Officials with The Church of Jesus Christ of Latter-day Saints have revamped and rededicated the final resting place of pioneer-prophet Brigham Young and several members of his vast family.
After almost a year of renovation work at the Brigham Young Family Cemetery, church leaders held a ceremony Saturday at the 150-year-old landmark tucked in the Avenues neighborhood of Salt Lake City.
Kevin W. Pearson, the Utah Area president for the faith, presided at the gathering, according to a news release, and offered praise for the sacrifices of Latter-day Saint pioneers who settled the region while Young served as the church’s second president.
“It would be impossible to overstate his impact on the state of Utah and the ‘pioneer corridor,’” Pearson said. “It has been said that ‘history is the fulfillment of prophecy.’ Nowhere is that truer than in the times and lives of the early pioneer Saints who came to the Great Salt Lake Valley.”
Along with a white stone grave marker for Young and a prominent bust of the famous polygamist, the cemetery holds the graves of many of his wives, including Mary Ann Angell, Lucy Ann Decker, Emmeline Free, Mary Van Cott and Eliza R. Snow, along with children Joseph Angell Young and Alice Young Clawson. The Utah-based church officially abandoned plural marriage in 1890.
A portion of the small cemetery, according to the church’s release, has also been dedicated to the legacies of early pioneers such as Snow and William Clayton, whose poems were adopted as popular Latter-day Saint hymns.
Burial site for Young’s extensive family
Emily Utt, a curator and historic preservation expert for the church, told city officials in late 2021 that ground-penetrating radar imaging conducted at the cemetery in advance of renovation work had detected as many as “40-plus” graves, while only 11 previously were marked.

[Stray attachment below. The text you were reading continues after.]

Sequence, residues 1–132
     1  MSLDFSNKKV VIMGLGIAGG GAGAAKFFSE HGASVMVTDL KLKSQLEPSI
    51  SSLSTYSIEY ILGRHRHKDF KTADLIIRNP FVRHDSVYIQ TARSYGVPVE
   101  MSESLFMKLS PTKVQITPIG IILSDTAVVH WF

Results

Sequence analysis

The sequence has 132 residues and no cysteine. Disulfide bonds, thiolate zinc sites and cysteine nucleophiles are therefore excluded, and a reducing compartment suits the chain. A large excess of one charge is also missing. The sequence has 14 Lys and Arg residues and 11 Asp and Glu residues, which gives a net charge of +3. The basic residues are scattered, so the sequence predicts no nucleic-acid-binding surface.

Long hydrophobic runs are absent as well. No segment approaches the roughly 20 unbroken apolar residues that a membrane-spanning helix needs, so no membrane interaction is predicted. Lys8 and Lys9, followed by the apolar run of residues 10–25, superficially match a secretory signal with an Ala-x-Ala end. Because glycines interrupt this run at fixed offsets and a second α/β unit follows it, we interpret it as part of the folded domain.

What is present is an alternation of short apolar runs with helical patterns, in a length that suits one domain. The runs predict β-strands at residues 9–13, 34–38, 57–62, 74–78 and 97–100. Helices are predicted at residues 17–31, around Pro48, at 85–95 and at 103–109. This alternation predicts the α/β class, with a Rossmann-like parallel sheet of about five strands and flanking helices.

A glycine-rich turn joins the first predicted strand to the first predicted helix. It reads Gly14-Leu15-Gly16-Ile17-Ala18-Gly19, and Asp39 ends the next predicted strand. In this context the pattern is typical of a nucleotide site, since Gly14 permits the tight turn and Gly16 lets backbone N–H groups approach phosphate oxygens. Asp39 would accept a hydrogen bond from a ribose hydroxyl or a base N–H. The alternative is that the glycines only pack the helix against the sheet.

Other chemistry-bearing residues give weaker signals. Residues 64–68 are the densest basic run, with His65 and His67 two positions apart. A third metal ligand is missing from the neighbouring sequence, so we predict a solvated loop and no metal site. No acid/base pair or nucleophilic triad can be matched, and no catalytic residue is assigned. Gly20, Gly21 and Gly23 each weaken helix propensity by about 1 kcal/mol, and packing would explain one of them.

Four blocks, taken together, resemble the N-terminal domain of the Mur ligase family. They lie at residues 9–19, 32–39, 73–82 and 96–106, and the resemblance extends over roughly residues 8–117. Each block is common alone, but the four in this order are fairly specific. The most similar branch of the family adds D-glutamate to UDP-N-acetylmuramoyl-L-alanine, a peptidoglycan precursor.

A retired church historian, Randy Dixon, who has studied the relics of Utah’s pioneer past, said nearly 48 graves are documented in burial lists and death records related to the family cemetery located at 140 E. First Ave., including wives, children, grandchildren and a few of Young’s neighbors.
Though now dwarfed by the adjacent Brigham Apartments on South Temple, the grassy spot once offered a commanding view southward over the Salt Lake Valley. The church leader, nicknamed the “American Moses,” was said to be interred in a corner of the parcel a few feet from his strawberry patch.
In 1974, the cemetery was dedicated as the Mormon Pioneer Memorial Monument and a statue in the park memorialized the Latter-day Saint pioneers who lost their lives while trekking to Utah.
A need for more security
Church historians also revealed in 2021 that the cemetery had been plagued for more than two years by a spate of trespassing, vandalism and littering, prompting stepped-up guard patrols and new lighting.
Latter-day Saint officials also petitioned the city’s Historic Landmark Commission for permission to add height to an original and distinct wrought-iron fence around the cemetery’s perimeter to better protect it from intruders. After their requests were denied by the commission, sometime around Thanksgiving 2021, a crew working for the church removed the fence around Young’s white grave marker and took it to an undisclosed location, in violation of a city order.
Church officials later confirmed the historic wrought-iron fence “was carefully removed” and had been temporarily stored off-site “for safekeeping” — pending reinstallation as part of restoration project.
According to the release about the rededication, special care was taken in restoring and reinforcing the site’s original artisanship, including the 32-inch fence and sandstone wall on the graveyard’s perimeter.
Church officials said the cemetery’s renovation started in April 2020, with multiple departments ensuring “meticulous care to preserve the historical integrity of the site.”
Contractors with Salt Lake City-based Jacobsen Construction conducted all digging by hand, the release said, which posed challenges after two layers of concrete about 10 inches thick were found under the cemetery’s sandstone-paved walkway.
The overhaul also restored the cemetery’s stone paths and walls, removed a few aging trees, improved lighting and upgraded the site’s irrigation system.
“We have tried to create an open, inviting, peaceful atmosphere where the spirit can be felt,” project manager Greg Green said. “Also, a place to reflect on the past, and help inspire us as we move forward with our lives.”